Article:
Even more than most industrial fittings, fire protection valves require the utmost in reliability throughout their service life. Every part of the valve must be designed with this in mind, including the valve body itself.
Most fire protection valves are made from Ductile Iron or Cast Steel material. These metals provide excellent strength and durability, but they are susceptible to corrosion Therefore it is imperative to protect the entire exposed surface of the valve body from its environment. This is especially true for valves intended for use in harsh or corrosive conditions, such as seawater, corrosive off-shore atmospheres or intense UV exposure.
This is why valve coatings are so important. Coatings improve valve performance in three ways:
- They provide that critical protection, Isolating the valve from its environment, thus extending the serviceable life of the valve.
- Valve coatings also help prevent the occurrence of mineral buildup and obstruction in important water pathways or narrow spots in the valve.
- And, they contribute to a more efficient pathway by helping to reduce the friction coefficient of the valve.
The type of coating used on a valve is therefore an important thing to consider when selecting fire protection valves. Many valves on the market today feature thermoplastic powder coatings. While thermoplastic valve coatings can be appropriate for certain specific situations, we normally recommend and manufacture valves that feature our high build fusion epoxy valve coating system. Here’s why:
4 Advantages of BERMAD High Build Fusion bonded Epoxy over Thermoplastic Fire Protection Valve Coatings
- Superior Adhesion: It’s difficult to distinguish one type of newly-applied valve coating and another just by looking at it. But over time, the difference becomes apparent. The valve whose coating adheres best to the valve body material will always outlast the competition. In our experience both in the lab and in the field, our fusion bonding epoxy (FBE) has 2-4 times better adhesion than thermoplastic coatings - a parameter that is considered to be the most important in protective coating systems.
- Continuous Coating Seal: In a corrosive environment, even the smallest pinhole in a coating will allow corrosive environmental agents to reach the valve body. When this happens, the valve will quickly begin to corrode, and its useful life will be shortened considerably. Therefore when a valve coat is applied, the layer must be pinhole-free both inside and out to ensure a perfect coating.
When coating a component like a deluge valve that has a complex shape, it can be challenging to maintain a consistent thickness in the coating, which is important for preventing pinholes and voids. The larger the particle size, the more difficult it is to achieve a consistent, pinhole-free coating, because the minimal thickness required for a layer needs to be 2-3 times higher than particle size. Particle size in an FBE coating is about two times smaller than that of thermoplastic coatings. So for instance an FBE coating with a particle size of 40 μm can be made pinhole-free with a 100 μm layer. In contrast, a thermoplastic coating with a particle size of 100 μm will require a 200 μm layer. An FBE coating thus offers far more reliability in ensuring a continuous coating film.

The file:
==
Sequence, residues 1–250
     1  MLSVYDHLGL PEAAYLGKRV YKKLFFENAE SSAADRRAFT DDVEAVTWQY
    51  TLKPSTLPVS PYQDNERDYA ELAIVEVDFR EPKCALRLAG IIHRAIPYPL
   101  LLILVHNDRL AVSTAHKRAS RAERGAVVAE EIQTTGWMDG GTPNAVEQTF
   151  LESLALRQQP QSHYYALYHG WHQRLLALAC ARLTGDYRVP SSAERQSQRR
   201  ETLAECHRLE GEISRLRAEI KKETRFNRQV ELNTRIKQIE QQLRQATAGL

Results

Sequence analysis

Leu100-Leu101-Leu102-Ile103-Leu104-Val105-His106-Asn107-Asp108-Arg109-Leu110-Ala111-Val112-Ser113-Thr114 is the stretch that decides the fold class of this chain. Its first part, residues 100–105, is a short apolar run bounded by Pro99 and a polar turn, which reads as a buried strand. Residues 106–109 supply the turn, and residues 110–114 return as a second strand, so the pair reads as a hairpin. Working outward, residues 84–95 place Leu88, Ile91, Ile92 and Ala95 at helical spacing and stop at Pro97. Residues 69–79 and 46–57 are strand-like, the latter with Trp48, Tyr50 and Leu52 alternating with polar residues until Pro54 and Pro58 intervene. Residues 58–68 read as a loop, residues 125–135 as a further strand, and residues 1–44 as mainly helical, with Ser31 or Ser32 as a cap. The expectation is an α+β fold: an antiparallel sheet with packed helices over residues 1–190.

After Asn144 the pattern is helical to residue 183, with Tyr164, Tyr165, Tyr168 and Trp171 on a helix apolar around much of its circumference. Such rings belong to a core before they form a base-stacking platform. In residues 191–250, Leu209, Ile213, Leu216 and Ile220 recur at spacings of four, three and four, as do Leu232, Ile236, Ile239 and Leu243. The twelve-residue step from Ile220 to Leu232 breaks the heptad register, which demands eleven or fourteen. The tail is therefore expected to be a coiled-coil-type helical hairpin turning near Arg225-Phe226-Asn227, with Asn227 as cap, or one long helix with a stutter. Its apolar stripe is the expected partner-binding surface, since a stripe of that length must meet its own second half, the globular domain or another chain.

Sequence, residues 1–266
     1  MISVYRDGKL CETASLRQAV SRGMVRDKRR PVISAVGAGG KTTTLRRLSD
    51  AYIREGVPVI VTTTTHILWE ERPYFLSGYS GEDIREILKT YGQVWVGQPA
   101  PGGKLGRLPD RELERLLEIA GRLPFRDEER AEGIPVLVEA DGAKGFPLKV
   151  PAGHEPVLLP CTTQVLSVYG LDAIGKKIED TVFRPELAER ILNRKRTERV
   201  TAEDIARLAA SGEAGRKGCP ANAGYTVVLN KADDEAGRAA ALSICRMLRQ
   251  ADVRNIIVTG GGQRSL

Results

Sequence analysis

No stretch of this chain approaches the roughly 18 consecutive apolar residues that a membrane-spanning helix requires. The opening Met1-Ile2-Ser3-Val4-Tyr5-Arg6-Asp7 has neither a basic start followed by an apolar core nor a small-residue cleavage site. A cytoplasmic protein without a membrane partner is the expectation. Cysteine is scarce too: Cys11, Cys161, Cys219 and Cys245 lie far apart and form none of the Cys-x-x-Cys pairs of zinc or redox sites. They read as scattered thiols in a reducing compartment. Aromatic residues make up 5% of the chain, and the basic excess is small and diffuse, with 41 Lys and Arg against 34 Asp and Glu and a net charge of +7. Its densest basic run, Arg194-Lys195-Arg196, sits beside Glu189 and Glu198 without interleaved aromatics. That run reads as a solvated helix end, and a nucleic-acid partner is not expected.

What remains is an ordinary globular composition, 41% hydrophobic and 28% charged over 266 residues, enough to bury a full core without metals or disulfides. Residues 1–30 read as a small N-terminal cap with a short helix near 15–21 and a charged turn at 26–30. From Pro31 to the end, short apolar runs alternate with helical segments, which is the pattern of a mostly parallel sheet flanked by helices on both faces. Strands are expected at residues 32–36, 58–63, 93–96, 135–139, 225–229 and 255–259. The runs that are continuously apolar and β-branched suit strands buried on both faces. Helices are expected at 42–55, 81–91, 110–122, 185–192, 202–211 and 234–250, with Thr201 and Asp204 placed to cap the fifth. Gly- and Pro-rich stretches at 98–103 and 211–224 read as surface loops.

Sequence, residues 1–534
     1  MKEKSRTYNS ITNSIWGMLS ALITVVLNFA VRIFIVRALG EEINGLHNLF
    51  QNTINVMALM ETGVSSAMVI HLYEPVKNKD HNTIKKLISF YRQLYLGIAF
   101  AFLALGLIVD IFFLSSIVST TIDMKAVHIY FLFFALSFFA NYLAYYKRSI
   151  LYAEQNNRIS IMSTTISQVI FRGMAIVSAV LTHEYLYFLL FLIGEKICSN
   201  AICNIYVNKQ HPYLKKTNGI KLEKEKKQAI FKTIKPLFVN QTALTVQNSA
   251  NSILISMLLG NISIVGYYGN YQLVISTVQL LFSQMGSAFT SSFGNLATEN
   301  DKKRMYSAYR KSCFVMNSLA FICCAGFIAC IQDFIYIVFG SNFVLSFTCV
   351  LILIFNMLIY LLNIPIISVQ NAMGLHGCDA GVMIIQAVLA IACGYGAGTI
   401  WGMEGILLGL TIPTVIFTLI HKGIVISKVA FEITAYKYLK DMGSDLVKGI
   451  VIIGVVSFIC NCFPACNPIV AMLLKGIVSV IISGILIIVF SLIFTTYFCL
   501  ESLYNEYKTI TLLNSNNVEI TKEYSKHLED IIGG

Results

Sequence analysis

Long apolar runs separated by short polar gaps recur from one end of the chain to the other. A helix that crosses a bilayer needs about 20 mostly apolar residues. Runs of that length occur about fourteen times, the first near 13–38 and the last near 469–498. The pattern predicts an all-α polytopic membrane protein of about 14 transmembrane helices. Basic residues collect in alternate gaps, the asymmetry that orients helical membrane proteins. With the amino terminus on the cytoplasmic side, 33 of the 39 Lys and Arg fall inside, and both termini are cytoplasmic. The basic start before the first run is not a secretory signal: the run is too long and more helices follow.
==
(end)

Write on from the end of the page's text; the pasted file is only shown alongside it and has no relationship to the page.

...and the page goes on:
Seawater valves especially are subjected to a holiday detection test to ensure a continuous coating film free of even the smallest pinhole or void that could compromise valve integrity.
- UV Resistance: BERMAD valves can be found installed in the harshest conceivable environments, from the southernmost reaches of Argentina to northern Russia. In addition to extreme temperatures and corrosive chemical environments, many of these valves have to hold up to intense direct sunlight, which in the polar regions can occur for nearly uninterrupted stretches for months at a time.
While thermoplastic has superior UV resistance over unmodified epoxy, BERMAD has developed a polyester top coating which provides even greater UV resistance. Rather than reducing adhesion, the UV resistant top coat fuses together chemically with the high build epoxy in such a way that the two coating layers function as a single layer, thus providing the best possible coating solution for high UV environments.
- High Temperature Resistance: In a fire protection valve it is crucially important for the control trim to remain perfectly positioned so that it continues to function despite being exposed to high temperatures. The term “thermoplastic” refers to this type of coating’s ability to melt at high temperatures. However, having a melting point is not always an advantage. Should a fire occur, fire protection valves can be exposed to extremely high temperatures—high enough to possibly re-melt a thermoplastic coating and cause it to drip. As a thermoplastic coating melts, it might drip into the inner workings of the valve or the system and damage it. Because high build epoxy doesn’t melt, it precludes the possibility of a coating to interfere with the proper functioning of the valve at a critical moment.
BERMAD does offer the option to manufacture thermoplastic valve coatings for special applications upon request. However, such situations are rare. For the vast majority of applications, the high build epoxy system offers superior protection and fail-safe performance.
To learn more about BERMAD fire protection valves, or for assistance in valve selection, click here to contact a BERMAD fire protection representative in your region.